Millennium Post

Countering dichotomy of power

Two of the projects that seemed most incorruptible in some way or the other came under scorching heat as Arvind Kejriwal’s Aam Admi Party faced the accusation of being corruptible like other players of the game and Tehelka’s editor-in-chief Tarun Tejpal was accused of committing sexual misconduct and rape against one of his junior colleagues. The extent of onslaught or accusation was not the same and the dissimilarity is too obvious, perhaps to a degree that drawing parallel between two may sound blasphemous (especially if you are an Aam Aadmi Party admirer). And yes, the accusation of corruptibility of AAP is much less substantive than the one against Tarun Tejpal, but the reason I draw those two together is not because of any imposed resemblance between two on the breadth or scope of those scandals, but because they unfailingly reveal an essential feature of a democratic system and the interplay between two of its most prominent wings: mainstream political parties and mass media.

Be it New Delhi or Washington DC, the centre of any acting democracy is essentially seen as the hub of corruption, depravity and inaptitude. The two main players of the world of a democratic process, namely the media and the political parties, are under the constant inspection of incertitude, ridiculing and catcalling and churned out conspiracy theories. The most remarkable feature of this brilliant illumination under which they have to be relentlessly scrutinised, is that they create this world themselves, thus redefining the participatory democracy as an internal affair between a small clique. And in that aura of some healthy doubt and some injurious parochialism and a lot of exclusion, democracy rolls on with all its grudging nuances and maddening disappointments, mostly achieving the task of not being able to do anything.

However this doubt, this eternal game of making and unmaking of kings and idols also has another aspect: the building up of hope, the development of new idols and newer idolatry, the gradual exposition and development of a new messiah who apparently arrives in the scene to rid the corruption ridden debased town off its decadence and bring about a braver newer world. We, the common populace, cherish this part of the game as much as we wait for their fall. When we see a new Avatar, we cheer as hard as our lungs allow, we praise and worship our newly given deliverer, putting our faith almost as if in a trance, holding nothing back, even though deep inside our heart we know this ‘All hail the new king’ would not last long, that the recapitulation and final descent of those figures is inescapable and often imminent. Still we invest our beliefs, partly because the eternal cynicism becomes wearisome at a point, and partly because it is how the democratic system works: through rejuvenation of faith of its ‘peasants’ through foddering them, once in a while, with a new messiah who, singlehandedly will rescue them all. Tejpal or Kejriwal, in a direct or a circuitous way, is but the upshot of this eternal game.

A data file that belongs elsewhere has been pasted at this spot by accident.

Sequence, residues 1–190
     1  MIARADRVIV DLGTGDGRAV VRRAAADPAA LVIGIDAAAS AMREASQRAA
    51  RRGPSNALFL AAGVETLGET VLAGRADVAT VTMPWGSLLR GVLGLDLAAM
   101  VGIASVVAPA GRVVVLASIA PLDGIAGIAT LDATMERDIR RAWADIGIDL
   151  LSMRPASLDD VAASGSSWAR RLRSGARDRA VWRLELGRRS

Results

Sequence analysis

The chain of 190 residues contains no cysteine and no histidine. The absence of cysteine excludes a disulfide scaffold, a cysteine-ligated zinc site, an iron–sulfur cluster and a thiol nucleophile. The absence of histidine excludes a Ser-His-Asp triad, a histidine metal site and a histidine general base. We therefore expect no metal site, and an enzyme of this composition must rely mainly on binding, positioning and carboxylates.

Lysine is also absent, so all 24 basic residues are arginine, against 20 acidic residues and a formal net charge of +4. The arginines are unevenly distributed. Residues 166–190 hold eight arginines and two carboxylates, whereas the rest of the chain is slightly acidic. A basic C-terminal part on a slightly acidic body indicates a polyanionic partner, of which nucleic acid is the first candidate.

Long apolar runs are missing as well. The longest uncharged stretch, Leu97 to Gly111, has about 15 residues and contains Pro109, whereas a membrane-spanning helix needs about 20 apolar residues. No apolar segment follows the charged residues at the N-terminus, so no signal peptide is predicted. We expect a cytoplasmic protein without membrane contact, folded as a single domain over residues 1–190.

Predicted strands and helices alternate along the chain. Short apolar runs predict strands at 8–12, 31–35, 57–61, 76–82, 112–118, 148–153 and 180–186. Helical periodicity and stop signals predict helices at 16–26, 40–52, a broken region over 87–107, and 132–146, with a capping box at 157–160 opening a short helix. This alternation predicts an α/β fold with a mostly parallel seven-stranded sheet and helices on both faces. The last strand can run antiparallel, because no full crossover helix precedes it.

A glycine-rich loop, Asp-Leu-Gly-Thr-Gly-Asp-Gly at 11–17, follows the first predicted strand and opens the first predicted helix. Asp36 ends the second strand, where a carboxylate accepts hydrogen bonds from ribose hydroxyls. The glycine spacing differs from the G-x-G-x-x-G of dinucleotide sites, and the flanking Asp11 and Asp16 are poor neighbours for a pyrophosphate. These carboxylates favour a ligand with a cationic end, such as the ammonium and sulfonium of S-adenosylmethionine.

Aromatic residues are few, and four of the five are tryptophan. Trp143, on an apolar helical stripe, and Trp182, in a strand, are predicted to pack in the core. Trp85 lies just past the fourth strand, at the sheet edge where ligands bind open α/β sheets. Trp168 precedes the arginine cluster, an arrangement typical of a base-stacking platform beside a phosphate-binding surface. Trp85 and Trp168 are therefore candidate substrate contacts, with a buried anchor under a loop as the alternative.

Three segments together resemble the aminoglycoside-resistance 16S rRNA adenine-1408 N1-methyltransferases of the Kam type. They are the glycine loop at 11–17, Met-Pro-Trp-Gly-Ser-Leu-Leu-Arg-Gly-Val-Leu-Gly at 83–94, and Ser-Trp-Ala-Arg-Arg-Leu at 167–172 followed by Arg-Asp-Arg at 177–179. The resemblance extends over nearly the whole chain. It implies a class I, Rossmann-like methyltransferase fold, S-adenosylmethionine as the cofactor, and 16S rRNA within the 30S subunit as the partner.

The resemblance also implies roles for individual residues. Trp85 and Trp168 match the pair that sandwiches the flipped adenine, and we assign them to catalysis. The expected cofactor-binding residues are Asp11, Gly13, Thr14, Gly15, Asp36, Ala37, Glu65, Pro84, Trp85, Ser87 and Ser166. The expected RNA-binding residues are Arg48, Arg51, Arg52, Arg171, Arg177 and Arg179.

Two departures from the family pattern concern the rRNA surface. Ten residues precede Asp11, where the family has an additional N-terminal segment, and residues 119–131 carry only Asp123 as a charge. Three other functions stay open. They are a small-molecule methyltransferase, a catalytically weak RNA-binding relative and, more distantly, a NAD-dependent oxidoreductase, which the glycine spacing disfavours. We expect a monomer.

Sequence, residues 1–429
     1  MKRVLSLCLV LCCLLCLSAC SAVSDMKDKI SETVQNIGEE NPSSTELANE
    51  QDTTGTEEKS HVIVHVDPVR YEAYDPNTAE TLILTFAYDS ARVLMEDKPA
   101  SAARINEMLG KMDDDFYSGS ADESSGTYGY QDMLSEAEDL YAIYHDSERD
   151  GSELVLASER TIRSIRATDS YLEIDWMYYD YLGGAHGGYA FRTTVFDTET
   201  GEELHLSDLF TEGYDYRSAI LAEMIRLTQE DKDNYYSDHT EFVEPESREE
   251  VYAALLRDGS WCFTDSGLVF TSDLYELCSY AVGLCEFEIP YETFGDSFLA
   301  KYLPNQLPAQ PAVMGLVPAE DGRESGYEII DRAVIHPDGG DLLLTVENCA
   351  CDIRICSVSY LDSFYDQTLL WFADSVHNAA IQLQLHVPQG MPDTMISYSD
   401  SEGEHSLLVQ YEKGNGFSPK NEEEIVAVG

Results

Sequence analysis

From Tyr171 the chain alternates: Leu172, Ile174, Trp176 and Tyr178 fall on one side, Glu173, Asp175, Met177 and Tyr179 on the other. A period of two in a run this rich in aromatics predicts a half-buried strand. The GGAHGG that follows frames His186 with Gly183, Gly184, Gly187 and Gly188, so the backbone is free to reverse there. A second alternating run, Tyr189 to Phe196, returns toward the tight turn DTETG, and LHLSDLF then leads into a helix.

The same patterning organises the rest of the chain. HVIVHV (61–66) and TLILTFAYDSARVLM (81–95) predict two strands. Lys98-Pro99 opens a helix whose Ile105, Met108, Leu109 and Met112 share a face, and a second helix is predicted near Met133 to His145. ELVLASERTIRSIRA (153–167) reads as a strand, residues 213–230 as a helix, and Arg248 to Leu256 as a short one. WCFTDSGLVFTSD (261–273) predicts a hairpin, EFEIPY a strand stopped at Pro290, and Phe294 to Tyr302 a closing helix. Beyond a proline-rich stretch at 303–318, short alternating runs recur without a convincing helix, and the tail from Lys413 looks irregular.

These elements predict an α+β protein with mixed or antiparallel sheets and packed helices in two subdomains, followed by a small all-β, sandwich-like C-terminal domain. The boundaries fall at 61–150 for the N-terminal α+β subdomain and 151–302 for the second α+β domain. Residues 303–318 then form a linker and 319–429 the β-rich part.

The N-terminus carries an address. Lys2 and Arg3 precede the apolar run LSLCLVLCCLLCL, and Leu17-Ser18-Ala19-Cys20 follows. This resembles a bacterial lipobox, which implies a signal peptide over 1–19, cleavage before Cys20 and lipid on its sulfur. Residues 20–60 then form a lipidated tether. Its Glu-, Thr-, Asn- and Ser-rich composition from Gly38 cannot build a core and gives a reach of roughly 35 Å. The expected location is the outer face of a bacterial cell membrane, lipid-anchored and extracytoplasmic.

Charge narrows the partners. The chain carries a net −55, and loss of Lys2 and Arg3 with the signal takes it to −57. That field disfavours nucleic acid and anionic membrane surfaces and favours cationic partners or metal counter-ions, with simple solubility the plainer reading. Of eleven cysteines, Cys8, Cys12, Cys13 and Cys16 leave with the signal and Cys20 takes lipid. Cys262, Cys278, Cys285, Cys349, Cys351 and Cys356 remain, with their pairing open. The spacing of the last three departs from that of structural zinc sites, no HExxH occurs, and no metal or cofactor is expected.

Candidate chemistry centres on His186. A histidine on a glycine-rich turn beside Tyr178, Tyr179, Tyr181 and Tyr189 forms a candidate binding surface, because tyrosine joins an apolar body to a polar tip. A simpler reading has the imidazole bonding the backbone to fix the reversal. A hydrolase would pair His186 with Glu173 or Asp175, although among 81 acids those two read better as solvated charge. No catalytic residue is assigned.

Does that mean all the daring work that Tehelka did under Tejpal becomes groundless? Does that mean they were but a sham in the name of a failed democracy? Of course not! Their contribution truly transformed, strengthened and reinforced the way media takes part in the democratic discourse of our nation and the recent scandal has to take away nothing from all that glory. However, it is more about an individual than the network itself, for it is the individual who is made to bear the burden of ushering the new dawn, and that’s why we keep on seeking not just a name but a face of an incorruptible idealist, undaunted in the face of power, challenging the behemoths and emerging victorious. It is ironic how democracy, a process designed to undermine the role of the individual, ends up catering to our insatiable appetite of having one savior after the other, only to find the former one as fallible and as tainted as the last one, and thus to reinitiate our hunt for the next savior to be.

And here comes the act of balance: the strength lying in the dichotomy of power. Even though we are rendered incapable of seeing beyond an individual, even though all our dreams and heartbreaks are represented by a single face, the marching order does not come from whom we perceive as the general. On the perspective of the system, it is not important for the idols to remain eternal, or even universal.

Some may worship Kejriwal while others would prefer Narendra Modi, but that detail is really inconsequential. What is important is to keep your faith in at least one fairy tale, to be the follower of at least one path and to remain a believer even after the fall of your messiah and to seek, not for a new order but a new idol within the current order of things. It is not required to believe your deliverer to the ultimate extent, what is important is to believe the message of deliverance. And thus the march goes on, from nowhere to nowhere, even after the fall of the general, for the march to continue, all is required but a bunch of followers blinded by their belief of doubt.

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